24/7 review

Art
3 out of 5 stars
24/7 review
copyright douglas coupland

Time Out says

3 out of 5 stars

Friendly warning! We're working hard to be accurate. But these are unusual times, so please check that events are still happening.

If there’s anything old people love talking about it’s how young people spend too much time on their phones, staring at screens, playing Pacman or whatever they think young people do. Sound familiarly tedious? Well, stay away from ‘24/7’ at Somerset House, because it’s just that conversation in exhibition form.

It’s inspired by Jonathan Crary’s book ‘24/7’, about how we live increasingly digitised, non-stop lives where we’re constantly connected, constantly awake and constantly working. The exhibition sees itself as a ‘wake-up call for our non-stop world’. Separated into zones themed around different parts of the day, you start with waking up to bright lights, meander through work, play and surveillance and then end the whole thing tucked up in bed.

There are some fantastic works of art here. You could spend hours with Pierre Huyghe’s throbbing tower block video; Addie Wagenknecht’s make-up/online security tutorials are hilarious and acerbic; Thomson & Craighead’s flickering, constantly updated railway board of live internet searches is uncomfortable and addictive. And that’s just the tip of it.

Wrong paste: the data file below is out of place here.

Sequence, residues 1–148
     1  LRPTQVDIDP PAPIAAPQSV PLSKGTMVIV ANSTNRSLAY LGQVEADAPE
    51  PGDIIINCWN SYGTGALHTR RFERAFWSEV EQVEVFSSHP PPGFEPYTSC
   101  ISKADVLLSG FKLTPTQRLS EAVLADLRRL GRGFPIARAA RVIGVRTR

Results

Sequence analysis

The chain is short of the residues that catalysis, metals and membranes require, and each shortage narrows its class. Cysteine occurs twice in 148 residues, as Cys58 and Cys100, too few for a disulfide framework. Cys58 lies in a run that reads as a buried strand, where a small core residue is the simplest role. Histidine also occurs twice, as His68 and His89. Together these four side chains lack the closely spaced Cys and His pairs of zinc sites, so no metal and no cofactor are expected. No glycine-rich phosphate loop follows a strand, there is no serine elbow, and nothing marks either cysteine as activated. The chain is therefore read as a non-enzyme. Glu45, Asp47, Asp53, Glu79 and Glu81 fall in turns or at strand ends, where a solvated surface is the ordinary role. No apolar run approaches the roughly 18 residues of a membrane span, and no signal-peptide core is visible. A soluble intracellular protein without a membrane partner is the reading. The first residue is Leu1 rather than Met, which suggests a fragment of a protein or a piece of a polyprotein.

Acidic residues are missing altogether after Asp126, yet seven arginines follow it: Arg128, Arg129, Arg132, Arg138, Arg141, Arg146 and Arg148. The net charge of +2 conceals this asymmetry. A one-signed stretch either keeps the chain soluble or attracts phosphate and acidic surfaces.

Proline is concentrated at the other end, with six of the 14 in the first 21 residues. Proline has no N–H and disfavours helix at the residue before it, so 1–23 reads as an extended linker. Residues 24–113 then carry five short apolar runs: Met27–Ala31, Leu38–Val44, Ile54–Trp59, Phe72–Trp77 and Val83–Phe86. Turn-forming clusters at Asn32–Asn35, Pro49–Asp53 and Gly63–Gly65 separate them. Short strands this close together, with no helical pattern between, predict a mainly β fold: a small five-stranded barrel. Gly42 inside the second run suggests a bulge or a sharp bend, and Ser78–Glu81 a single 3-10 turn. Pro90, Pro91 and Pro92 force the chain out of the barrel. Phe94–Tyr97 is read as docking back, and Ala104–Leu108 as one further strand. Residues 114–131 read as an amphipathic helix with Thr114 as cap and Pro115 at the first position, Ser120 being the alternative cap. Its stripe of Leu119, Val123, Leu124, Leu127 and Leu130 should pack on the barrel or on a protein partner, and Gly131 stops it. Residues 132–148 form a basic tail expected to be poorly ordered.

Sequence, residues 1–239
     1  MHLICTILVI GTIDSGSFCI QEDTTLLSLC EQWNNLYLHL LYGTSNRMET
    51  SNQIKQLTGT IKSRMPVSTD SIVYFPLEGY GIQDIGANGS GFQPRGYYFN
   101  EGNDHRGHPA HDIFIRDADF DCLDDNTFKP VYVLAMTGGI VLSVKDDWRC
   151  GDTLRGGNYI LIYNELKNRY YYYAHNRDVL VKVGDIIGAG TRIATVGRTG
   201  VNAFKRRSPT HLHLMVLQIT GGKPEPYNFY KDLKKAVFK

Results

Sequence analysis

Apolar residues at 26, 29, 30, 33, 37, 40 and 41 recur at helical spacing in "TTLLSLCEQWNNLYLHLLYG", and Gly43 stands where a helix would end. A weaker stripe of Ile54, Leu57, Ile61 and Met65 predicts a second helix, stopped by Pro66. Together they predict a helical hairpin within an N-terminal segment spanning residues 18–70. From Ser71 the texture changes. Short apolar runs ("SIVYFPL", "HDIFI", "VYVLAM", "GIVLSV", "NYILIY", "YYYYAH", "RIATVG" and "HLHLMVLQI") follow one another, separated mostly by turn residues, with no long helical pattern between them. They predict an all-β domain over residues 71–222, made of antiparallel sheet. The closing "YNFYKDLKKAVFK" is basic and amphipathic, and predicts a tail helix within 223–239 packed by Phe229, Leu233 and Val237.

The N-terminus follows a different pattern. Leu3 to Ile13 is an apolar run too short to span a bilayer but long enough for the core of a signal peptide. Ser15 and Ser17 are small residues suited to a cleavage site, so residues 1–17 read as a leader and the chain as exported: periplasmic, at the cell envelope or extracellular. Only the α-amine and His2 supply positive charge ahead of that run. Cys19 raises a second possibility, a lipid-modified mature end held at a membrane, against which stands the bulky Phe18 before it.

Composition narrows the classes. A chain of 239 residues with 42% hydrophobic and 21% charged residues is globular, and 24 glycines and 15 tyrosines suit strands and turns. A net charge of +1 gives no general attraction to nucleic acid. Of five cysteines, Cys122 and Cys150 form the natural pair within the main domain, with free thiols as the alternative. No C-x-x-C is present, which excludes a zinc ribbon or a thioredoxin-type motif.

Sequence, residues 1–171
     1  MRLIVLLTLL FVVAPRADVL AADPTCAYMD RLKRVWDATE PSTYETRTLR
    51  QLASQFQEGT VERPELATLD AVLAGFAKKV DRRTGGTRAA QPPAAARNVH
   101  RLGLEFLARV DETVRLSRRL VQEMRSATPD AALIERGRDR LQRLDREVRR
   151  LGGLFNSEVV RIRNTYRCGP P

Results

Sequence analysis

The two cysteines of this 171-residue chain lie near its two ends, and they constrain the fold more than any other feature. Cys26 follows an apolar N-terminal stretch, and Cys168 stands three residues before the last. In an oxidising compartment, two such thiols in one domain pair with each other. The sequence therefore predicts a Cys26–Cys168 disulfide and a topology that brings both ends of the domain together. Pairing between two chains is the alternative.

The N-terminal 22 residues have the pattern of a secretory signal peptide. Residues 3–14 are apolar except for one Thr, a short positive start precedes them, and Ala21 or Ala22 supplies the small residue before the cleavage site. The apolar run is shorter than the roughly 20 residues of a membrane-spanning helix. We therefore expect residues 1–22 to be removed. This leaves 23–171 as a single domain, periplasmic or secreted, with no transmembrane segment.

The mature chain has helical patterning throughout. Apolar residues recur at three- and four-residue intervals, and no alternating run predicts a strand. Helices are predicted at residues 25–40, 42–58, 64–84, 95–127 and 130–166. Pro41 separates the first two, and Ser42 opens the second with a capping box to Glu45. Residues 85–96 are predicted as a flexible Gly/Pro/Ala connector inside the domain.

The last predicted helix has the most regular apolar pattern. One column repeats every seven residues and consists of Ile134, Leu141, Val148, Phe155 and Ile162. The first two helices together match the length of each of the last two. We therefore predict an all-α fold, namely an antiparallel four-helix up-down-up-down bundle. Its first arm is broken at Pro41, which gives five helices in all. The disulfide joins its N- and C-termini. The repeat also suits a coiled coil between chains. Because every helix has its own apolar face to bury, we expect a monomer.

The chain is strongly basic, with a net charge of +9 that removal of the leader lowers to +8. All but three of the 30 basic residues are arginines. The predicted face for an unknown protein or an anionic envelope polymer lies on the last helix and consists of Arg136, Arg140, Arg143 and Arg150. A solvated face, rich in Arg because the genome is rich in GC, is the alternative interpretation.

But it’s so hard to figure out what connects all of this. The ‘Big Brother’ chair is plonked in one corner, a collection of caged mechanical birds by Mat Collishaw gets a whole room, there’s an installation of crushed TVs by Julia Varela and there are countless bits of vintage timekeeping ephemera. Some of this is about work, or surveillance, or terrorism, or sleep. There are about eight exhibitions happening at once. There’s just so much being said, with so much stuff, that it’s overwhelming and incomprehensible. It's a total mess and all the good art gets lost.

And that’s before you even start thinking about the messaging. Esmeralda Kosmatopoulos’s casts of 15 pairs of hands frozen in the act of texting sum it up best: apparently we spend too much time with our devices, and we’re losing our ability to make *real connections* in the process. Yeah, take me back to the time of the Black Death, open sewers and the crusades. I’m tired of being able to text my friends in America, use a map on my phone or order a cab with my thumbprint. You’re right, it’s terrible.

The thing is, anyone going to this show already knows that they’re over-digitised, over-stimulated and over-worked. We get it. But life is hectic and dizzying enough without having an exhibition moralise at you.  And in a world of ecological disaster, despotic regimes and Boris Johnson, is the fact that I want to play Pixel Starships before I go to sleep really that big a deal?

Details

You may also like
    You may also like
      Latest news